Two days into my new teaching job in Spain, and at mid-morning during the teachers’ planning day in school, I went down the road to the local branch of Caixa Catalunya – the Catalan bank – to see if I could open an account.
At the end of the month I will be paid in Euros and the enormous amount of fuss and expense involved in paying that into a Barclays bank account, also losing on the conversion into Sterling, doesn’t bear thinking about! On the other hand – just as I was dreading the visit to the Policia Nacional after dealing with the Gestapo-like CRB in England (see earlier post) but they turned out to be very pleasant – I was also ready for another experience of having obstacles placed before me in opening a bank account, as happens in England these days. It seems that opening a bank account in England mainly involves proving you are who you say you are, demonstrating you will not be using the account for money-laundering, and begging the bank to take you seriously as a customer because you’ll bring in enough money to make it worth their while. All the time they regard you as someone who will eventually be begging them for credit and therefore little more than the “poor man at the gate”.
If you are lucky to have all the right paperwork, opening an account takes at least several days and the various bits of paper, cards etc., arrive in dribs and drabs through the post (for ‘security reasons’ of course, and all this is in your interest). Once you have opened your account, you will thereafter never speak to an employee again but will try and make yourself understood to a stupid low-paid ex-rice-paddy basket carrier now working in a call centre in some God-forsaken fly-swatted call centre in Thailand who is unhappily misrepresenting Barclays Bank in circular phrases reminiscent of Waiting for Godot.
Oh joy! I am happy to provide this free advertisement for la Caixa Catalunya.
I went up to the reception desk in the local branch and explained that – only last Sunday – I had arrived in Spain to work and I needed to open a bank account for my salary. The very pleasant and welcoming lady at the counter asked me if I had a NIE number. That was precisely what I had obtained at the Policia Nacional, without any hassle on Monday (see earlier post), so I gave her the number. The next question was not so easy to satisfy.
“Have you got your passport with you?”
It was a no brainer really. Any fool would have taken their passport along, but I had left it twelve kilometres up the winding road into the mountains when I left for work this morning. I told her I had my driving licence, but that would not do, she said. I was filled with dismay: it looked as if I would have to come back another time.
“No, that is all right,” she said. “Your passport must have been seen by the police who gave you the NIE number. Come back in an hour and I’ll have your account ready.”
I did not believe it could be so simple to hand over my money to a bank!
I went back at the end of the morning’s work in school, not for one moment expecting things to have been arranged for me, so accustomed am I to everything going wrong in England. Sure enough the young lady at the desk saw me and immediately called to a colleague, “Ah, here is the man I was telling you about.” I was sure the earlier optimism had by now all gone the shape of pears.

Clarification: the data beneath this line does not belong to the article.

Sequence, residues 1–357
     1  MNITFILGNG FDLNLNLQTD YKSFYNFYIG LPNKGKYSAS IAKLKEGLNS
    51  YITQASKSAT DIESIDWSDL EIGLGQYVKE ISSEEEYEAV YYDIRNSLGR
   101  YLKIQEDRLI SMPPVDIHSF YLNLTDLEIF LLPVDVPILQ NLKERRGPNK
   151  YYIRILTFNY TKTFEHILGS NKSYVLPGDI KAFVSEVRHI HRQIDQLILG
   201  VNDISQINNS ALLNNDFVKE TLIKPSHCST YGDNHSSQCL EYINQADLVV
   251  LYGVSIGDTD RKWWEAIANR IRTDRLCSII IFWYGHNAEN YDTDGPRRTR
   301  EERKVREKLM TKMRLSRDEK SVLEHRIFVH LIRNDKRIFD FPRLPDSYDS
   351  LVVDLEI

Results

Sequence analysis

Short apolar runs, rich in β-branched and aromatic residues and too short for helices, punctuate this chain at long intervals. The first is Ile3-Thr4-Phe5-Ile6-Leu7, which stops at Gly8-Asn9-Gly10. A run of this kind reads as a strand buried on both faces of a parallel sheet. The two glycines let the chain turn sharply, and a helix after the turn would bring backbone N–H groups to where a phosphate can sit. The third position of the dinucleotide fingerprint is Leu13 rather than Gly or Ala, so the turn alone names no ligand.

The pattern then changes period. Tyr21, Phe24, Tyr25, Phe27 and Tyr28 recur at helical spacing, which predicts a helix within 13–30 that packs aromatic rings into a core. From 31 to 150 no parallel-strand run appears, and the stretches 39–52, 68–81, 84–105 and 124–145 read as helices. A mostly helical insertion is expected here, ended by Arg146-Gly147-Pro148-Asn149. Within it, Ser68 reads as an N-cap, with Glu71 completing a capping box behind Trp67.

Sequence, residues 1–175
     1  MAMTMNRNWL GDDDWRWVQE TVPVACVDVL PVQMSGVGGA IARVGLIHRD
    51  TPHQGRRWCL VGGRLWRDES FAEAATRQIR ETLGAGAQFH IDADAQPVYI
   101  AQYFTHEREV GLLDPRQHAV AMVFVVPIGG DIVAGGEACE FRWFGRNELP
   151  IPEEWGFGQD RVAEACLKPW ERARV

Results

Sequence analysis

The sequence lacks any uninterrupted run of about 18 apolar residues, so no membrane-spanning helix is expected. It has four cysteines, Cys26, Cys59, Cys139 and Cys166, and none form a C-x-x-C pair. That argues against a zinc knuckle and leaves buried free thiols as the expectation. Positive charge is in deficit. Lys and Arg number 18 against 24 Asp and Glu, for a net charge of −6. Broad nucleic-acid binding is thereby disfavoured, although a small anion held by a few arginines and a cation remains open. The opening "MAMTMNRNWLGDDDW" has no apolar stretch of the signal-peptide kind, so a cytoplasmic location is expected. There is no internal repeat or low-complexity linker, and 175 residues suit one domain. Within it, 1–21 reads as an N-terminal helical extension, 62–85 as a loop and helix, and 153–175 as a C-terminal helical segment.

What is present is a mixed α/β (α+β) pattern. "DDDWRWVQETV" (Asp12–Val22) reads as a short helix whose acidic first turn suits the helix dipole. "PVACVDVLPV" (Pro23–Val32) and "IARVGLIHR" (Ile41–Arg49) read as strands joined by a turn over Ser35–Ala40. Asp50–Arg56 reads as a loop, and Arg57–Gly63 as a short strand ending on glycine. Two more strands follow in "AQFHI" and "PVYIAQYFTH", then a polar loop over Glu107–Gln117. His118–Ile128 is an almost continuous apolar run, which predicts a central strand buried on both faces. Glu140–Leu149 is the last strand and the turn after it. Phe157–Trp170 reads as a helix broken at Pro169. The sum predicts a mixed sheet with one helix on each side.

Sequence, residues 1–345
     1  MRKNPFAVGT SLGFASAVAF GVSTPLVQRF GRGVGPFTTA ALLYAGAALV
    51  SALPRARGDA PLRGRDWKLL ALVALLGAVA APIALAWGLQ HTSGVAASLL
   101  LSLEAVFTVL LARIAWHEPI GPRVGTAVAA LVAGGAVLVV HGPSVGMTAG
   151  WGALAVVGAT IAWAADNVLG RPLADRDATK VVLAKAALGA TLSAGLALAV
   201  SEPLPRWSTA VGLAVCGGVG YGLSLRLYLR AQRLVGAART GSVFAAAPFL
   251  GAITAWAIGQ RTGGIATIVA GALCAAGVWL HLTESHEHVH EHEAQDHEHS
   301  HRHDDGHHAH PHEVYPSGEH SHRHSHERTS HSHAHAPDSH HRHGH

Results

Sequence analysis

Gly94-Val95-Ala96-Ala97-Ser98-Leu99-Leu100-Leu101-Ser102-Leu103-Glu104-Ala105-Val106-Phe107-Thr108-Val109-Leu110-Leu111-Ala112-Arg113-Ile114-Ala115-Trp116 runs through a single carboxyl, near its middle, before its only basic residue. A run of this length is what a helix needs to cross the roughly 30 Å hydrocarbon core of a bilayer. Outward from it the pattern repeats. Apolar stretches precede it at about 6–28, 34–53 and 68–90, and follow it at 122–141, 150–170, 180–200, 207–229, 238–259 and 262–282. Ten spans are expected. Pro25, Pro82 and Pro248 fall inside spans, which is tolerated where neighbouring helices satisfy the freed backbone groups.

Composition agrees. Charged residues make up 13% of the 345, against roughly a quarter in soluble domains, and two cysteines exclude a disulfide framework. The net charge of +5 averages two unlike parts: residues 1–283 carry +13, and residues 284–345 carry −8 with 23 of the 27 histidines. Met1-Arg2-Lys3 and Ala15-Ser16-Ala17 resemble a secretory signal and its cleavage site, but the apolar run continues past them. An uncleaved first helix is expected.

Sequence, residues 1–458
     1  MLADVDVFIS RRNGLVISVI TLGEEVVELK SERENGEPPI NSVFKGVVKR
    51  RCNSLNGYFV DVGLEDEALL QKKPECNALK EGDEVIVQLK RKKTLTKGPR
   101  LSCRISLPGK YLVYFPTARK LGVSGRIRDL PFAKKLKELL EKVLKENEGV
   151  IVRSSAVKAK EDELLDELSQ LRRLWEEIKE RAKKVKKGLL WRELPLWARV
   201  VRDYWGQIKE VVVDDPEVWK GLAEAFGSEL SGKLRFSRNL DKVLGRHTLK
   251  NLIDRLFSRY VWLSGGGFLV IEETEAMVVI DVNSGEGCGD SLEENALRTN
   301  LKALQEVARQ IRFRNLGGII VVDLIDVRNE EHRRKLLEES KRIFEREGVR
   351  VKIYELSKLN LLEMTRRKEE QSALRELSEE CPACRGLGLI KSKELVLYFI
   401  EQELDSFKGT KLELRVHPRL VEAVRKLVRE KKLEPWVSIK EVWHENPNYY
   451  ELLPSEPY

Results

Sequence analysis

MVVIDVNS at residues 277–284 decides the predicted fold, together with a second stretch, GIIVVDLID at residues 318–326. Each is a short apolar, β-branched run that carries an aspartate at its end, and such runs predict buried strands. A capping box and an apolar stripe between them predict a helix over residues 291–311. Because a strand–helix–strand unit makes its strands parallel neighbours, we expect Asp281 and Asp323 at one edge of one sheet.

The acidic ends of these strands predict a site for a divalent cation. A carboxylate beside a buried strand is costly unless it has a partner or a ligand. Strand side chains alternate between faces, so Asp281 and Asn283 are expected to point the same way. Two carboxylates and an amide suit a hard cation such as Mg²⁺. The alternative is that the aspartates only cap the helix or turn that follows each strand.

“Mr Thomas?” asked the smartly dressed bank employee, a young man in his thirties with a pleasant and genuine smile. “Come this way please.”
After years of habitual disappointment with Barclays and the attitudes of their bank employees, I thought this was probably the branch expert charged with responsibility for spotting international fraudsters and this was time for the one hour interrogation about my credit worthiness. We sat down.
“Everything is ready,” he said.
“Ready?” I could not believe it. How was that done? I looked around for signs of Harry Potter wizard hats and magic wands.
One by one, I signed the documents, received my pass book, my sealed envelope with the PIN number in it, my plastic card with the secret codes to use for internet banking – which was already set up for me – and a free pen. It was a good quality thick-barrelled ballpoint pen of the type I prefer. It had no logo or advertisement for Caixa Catalunya on it whatsoever. More’s the pity: I would be happy to flourish a pen advertising such a welcoming bank, for I was now the Hobbit who had arrived at journey’s end and was being treated as one who had survived all the trials of the journey. Now banking life could be lived without the habitual fight with the incomprehensible Barclays call-centre gnomes, the serpents who took money from my account for no reason, and the ogre who refused the meagre overdraft requested for a rare emergency.
“Shall I put some money in my account?” I asked. I looked in my wallet. “I think I only have twenty Euros…”
“Yes, if you like!” said my friendly banker.
I wanted to buy him a drink now. It didn’t seem right to just leave the bank without getting to know him.
What has gone wrong in England, I wonder? Is it just Barclays? Is it just the CRB? Is it just the Department for Children Families and (Schools) who change the education system every two months? Is it just the jobsworths who make life impossible in so many different aspects of life in England? Or is the the difference between a declining culture and a culture that is in the ascendancy? I have asked the question before on this blog. It is worth reflecting upon. Anyway, that’s the wider question. The more obvious question is why can’t banking be as easy and friendly as Caixa Catalunya makes it?
Thank you, Caixa Catalunya.